The sculptures at first took the shape of semi-nude, often contorted, female figures. Journey of Self Discovery (2016), one of the most Instagrammed works from the DIS-curated 2016 Berlin Biennale, for example, shows a woman whose skin and clothing are pale shades of blue crouched on all fours atop an ottoman, using a selfie stick to capture her crack. The title is a bit tongue-in-cheek; with imitation Crocs and an on-trend windbreaker, we wonder whether she is doing this for pure self-discovery or rather a performance thereof? Wannabe UGGs, Adidas slides, trekking backpacks, and overpriced baby carriages find their way into other sculptures, and female figures straddle sleek suitcases like submissive lovers, arching their backs at uncanny angles with partially or fully exposed chests. Recently, however, Uddenberg’s work has taken a turn toward the functional, her sculptures increasingly resembling furniture-cum-sex-props — pun intended.
This shift started last year when she made Pelvic Trust, part of her solo show at the House of Gaga in Mexico City, which went by the same title. In the piece, a figure thrusts her ass in the air and plants her face in the center of an abstract piece of fluffy green furniture. Since then, Uddenberg has become increasingly interested in leaving the figure behind and seeing how the piece of furniture might be interpreted if seen alone. With this move, Uddenberg again returns to a type of performance, one that the functional object demands from the user.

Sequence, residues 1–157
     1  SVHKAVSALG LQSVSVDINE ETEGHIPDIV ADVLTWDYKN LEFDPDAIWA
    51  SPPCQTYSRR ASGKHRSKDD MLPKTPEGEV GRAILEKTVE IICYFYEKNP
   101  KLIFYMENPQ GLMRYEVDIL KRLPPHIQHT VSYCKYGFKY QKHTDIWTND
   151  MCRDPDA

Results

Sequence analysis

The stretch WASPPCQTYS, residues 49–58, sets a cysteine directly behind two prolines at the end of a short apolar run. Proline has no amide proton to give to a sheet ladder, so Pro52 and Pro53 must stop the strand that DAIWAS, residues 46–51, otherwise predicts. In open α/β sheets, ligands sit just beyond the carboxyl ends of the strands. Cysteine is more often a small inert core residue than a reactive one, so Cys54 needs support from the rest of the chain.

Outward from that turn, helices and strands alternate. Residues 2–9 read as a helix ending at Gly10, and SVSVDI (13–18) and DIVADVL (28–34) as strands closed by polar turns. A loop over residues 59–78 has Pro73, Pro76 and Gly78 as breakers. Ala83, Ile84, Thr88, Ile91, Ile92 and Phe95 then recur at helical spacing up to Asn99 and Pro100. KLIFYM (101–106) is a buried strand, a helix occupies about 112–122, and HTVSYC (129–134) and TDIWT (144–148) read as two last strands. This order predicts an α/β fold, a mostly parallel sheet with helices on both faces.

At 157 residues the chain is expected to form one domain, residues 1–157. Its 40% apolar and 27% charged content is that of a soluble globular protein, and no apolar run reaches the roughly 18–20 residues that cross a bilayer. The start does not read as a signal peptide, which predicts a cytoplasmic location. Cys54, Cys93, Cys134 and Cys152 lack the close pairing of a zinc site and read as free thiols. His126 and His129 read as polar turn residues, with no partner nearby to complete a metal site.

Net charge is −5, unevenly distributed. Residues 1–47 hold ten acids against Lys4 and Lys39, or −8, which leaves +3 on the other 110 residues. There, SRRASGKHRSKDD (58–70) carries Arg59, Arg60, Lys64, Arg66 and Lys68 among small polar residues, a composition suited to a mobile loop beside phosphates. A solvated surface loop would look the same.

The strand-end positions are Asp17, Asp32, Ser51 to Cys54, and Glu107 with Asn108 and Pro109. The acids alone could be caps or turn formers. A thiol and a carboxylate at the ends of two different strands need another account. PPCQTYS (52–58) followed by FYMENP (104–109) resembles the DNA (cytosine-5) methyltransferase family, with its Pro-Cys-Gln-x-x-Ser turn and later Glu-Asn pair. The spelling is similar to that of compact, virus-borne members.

Back in Uddenberg’s studio, a raised platform made of interior auto parts and plaster gives way to two clunky columns that connect a type of back support adorned with armrests and hand grips, also taken from inside a car. It’s still a work in progress, with a second, separate but interconnected structure to come. Uddenberg demonstrates how you’ll be able to mount them — in one position, one must spread their legs wide and hold on tight, and in the second, one must lie down on their back. In short, it’s a mechanism designed specifically for face-sitting. “I think of these new works as sculptural scripts that embody and suggest a perverted performative version of reality the way I experience it,” Uddenberg says.
But despite the visual cues these sculptures give, in a gallery or institutional setting, where Uddenberg wouldn’t be able to step in and show how-to, you could easily project your own ideas and narratives onto the objects. These imagined stories might take you straight to a sex dungeon (albeit one fit for a Furby), although Uddenberg is quick to catch herself when she mentions BDSM. “Every time I say BDSM it sounds wrong because [my work] is not about that,” she says. “It’s about control.”
Uddenberg might be able to control the appearance of her sculptures in the studio, but when they leave the private room in Kreuzberg, she relinquishes her position of power, much like how we, too, can direct the performance of our identities, yet we cannot control the larger context in which we exist and how we might be read. “At the end of the day, it’s about the branding and commodification of the self. Although I don’t necessarily like or enjoy this performance-driven consumer culture, it’s the world we live in and the culture that people know,” she says. “So all I can really do is work with this dominant culture and flay it, rip it apart, reconfigure it.”